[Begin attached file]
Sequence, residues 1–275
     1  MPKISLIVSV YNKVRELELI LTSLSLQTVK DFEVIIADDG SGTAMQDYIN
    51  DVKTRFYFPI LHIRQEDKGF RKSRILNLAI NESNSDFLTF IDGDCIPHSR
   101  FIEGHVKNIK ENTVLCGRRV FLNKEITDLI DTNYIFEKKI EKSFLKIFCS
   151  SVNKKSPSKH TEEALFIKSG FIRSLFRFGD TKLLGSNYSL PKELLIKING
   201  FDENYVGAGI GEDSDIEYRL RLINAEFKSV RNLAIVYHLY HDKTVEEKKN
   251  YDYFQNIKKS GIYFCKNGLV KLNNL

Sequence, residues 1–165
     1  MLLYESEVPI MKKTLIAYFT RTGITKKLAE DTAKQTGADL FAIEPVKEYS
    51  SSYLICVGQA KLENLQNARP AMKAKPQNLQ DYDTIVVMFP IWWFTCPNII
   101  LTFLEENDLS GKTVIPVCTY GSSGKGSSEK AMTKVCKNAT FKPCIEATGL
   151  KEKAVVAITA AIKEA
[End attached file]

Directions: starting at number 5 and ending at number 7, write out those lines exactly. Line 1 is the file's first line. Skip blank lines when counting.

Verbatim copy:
   151  SVNKKSPSKH TEEALFIKSG FIRSLFRFGD TKLLGSNYSL PKELLIKING
   201  FDENYVGAGI GEDSDIEYRL RLINAEFKSV RNLAIVYHLY HDKTVEEKKN
   251  YDYFQNIKKS GIYFCKNGLV KLNNL